Testimonials for Pioneer Member Sally Mackenzie
Jesus Beltran – Sally Mackenzie is a bright scientist and mentor with impressive achievements in plant science. She has made outstanding contributions to understanding plant organellar genome behavior, plastid specialization, and organelle-triggered epigenomic reprograming. Her findings translate to interesting new applications in crop breeding. Through effective mentorship, Sally has supported a generation of scientists from multiple backgrounds, diversifying the plant science community and contributing to its professional development. During my time as a postdoc in her lab, we worked on exciting projects with several interesting outcomes that have become appreciated by the research community. Overall, I am thankful for her mentorship, support, and the positive impact she made on my journey as scientist. Sally’s service transcends beyond the lab and classroom. I am aware of her leadership within the ASPB and other societies. From her participation in multiple committees and initiatives, to having served as ASPB’s president, Sally’s exceptional contributions to the Society constitute a legacy that certainly makes her an ASPB Pioneer. My best regards to you Sally for this well-deserved recognition.
Xuehui Feng – It was an pleasure to be her student. She has been a role model for my career. Her attitude and hard work have been an inspiration to me. I wish her all the best!
Alenka Hafner – Sally has been my advisor for a few short years, and she quickly made a lasting impact on my life as a scientist. She encourages me to pursue my interests rigorously and motivates me when I need it most. Sally has established several groundbreaking avenues of research in the field, while caring deeply about members of her lab and community. I feel fortunate to have her as my mentor.
David Holding – Dr. Mackenzie was the creator and first director of the University of Nebraska’s Center for Plant Science Innovation (PSI), which continues to thrive, in part because of her carefully laid groundwork. Sally played a central role in recruiting new PSI members and developing it into the most successful center at the university in terms of collaboration, grant dollars and publications. She is a natural team builder and spearheaded many collaborative research efforts, both within the center, the wider university, and nationally. Her own work in mitochondrial genetics gained her international recognition, while she trained generations of post-docs, graduate students and undergraduates in basic and advanced classical and molecular genetics. Sally’s classroom teaching spans high school, undergraduate and graduate plant biology and genetics, and she is inclusive and nurturing to junior faculty in all her education efforts. She is a strong advocate for talented but perhaps underappreciated scientists. Dr. Mackenzie is pioneer in plant biology and in every sense, a Pioneer of the ASPB.
Bailin Li – I’m grateful for Sally’s mentorship. She not only taught me genetics, but also demonstrated how to be considerate and treat others with patience and kindness. Sally’s sharp mind is obvious, but her gentle heart is what I remember the most.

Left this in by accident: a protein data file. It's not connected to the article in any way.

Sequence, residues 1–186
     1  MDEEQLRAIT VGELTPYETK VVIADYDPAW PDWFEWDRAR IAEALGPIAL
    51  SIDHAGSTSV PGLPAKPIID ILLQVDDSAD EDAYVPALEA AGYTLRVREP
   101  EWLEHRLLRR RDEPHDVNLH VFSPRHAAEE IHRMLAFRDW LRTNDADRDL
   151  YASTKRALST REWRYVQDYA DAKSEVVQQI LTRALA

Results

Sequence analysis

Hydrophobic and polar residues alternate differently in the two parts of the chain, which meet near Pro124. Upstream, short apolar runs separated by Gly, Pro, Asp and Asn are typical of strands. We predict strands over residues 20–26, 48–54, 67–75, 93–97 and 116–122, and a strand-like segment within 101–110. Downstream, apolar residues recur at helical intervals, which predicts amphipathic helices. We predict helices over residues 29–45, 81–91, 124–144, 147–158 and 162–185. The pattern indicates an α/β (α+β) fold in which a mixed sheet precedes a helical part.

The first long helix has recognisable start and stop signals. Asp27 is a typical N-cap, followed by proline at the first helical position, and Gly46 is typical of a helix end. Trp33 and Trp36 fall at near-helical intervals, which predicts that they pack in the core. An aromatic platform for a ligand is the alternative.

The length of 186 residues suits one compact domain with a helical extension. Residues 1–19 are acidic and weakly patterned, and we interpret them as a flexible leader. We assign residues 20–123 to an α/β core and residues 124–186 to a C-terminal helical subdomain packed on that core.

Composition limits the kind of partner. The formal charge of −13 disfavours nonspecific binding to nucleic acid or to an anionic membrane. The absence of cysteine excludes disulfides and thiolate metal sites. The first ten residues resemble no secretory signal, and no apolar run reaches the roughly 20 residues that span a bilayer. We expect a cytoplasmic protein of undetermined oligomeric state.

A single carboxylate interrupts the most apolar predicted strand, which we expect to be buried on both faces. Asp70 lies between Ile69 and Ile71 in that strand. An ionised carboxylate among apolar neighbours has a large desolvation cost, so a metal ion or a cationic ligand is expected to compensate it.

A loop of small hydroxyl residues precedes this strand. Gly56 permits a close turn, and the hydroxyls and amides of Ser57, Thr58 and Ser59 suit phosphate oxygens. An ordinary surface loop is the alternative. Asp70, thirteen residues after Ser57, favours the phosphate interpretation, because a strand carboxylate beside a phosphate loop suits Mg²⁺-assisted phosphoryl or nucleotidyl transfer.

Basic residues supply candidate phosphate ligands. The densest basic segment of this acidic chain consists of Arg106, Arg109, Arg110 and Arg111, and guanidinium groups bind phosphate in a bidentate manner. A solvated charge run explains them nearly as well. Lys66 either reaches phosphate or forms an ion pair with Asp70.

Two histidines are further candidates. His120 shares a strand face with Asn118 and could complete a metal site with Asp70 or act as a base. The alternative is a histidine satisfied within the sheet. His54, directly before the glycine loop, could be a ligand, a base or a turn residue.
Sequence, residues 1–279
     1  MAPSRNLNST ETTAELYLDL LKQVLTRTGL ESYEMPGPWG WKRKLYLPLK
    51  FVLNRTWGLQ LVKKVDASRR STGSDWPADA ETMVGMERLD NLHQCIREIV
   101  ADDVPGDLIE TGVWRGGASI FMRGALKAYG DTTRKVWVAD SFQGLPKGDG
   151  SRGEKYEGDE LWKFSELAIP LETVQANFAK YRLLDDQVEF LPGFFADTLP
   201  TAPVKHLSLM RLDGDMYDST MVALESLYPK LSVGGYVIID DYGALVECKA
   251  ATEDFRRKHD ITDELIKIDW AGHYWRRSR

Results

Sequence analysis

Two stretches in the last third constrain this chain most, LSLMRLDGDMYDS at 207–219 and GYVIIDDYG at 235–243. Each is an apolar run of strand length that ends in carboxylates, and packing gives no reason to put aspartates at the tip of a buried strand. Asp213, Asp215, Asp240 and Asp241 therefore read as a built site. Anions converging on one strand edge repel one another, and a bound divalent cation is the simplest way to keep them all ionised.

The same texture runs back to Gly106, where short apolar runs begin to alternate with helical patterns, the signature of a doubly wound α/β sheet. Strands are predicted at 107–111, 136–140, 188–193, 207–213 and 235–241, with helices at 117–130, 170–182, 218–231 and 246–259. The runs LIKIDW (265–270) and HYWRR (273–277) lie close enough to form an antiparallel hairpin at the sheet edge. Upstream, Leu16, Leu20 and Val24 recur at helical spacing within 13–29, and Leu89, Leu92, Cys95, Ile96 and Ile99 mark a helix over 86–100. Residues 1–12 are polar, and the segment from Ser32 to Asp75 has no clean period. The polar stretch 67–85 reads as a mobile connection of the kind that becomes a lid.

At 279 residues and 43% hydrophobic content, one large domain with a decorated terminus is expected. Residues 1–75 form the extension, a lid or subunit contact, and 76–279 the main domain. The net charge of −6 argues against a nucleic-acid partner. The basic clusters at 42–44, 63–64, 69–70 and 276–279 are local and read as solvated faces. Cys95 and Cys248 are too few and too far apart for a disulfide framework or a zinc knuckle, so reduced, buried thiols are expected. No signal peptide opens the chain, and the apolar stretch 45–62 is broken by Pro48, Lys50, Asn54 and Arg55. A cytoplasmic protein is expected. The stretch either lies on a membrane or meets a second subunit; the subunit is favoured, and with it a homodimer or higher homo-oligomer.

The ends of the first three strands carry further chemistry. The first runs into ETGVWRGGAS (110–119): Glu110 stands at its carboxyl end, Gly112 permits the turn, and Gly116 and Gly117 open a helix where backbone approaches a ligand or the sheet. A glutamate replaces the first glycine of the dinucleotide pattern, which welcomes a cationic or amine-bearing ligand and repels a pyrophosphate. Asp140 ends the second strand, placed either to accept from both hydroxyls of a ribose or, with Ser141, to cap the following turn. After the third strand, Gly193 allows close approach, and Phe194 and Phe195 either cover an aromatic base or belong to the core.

Saleem Mohammed – I have known Sally since 2003, when I joined Plant Sciences Initiative (PSI) at University of Nebraska-Lincoln as a graduate assistant. Sally was head of the PSI at UNL. My task as a graduate assistant pursuing a Master’s degree in Industrial Engineering was to develop a website for PSI and its faculty members. In the two years I spent in this role, I had the opportunity to watch other students and postdocs work on fascinating research projects and interact with Sally. She sparked my interest in research, leading me to the life changing decision to enroll in a PhD program under her mentorship. I completed my PhD in 2008 (in Bioinformatics, focusing on prediction of targeting sequences using ML and the prediction of proteins with alternative start codons in their mRNA). Afterward, I worked for an agricultural biotech company for two years, before starting a genomics company. Today, I am a biotech entrepreneur and a consultant in bioinformatics. Throughout this time, Sally played a large role in my professional life. If not for her dedication to her chosen field and the right push at the time I needed it, I would not have taken up an exciting and fulfilling career in biotechnology.
Sally has advised and guided more than 30 students and postdoctoral researchers over the last several years. She has provided excellent opportunities for her students and postdoctoral researchers to become responsible scientists and leaders. She has been a constant source of positive feedback, even if things aren’t going well. She taught us to be aggressive, yet maintain work-life balance. She knows how to create a friendly work atmosphere in which teamwork thrives. She ably guided me to learn lab techniques along with computational skills, which gave me an edge over others when it came to new opportunities.
Sally is a visionary leader who has set up several collaborative initiatives that promoted interdisciplinary research and innovation at the university. She keeps herself abreast of the latest developments when it comes to science and technology, and she is a sounding board for those of us grappling with changes and developments in this domain. She is able to spot new areas/domains of specialization. For example, she had the foresight of seeing bioinformatics as an upcoming field before the genomic revolution in 2005.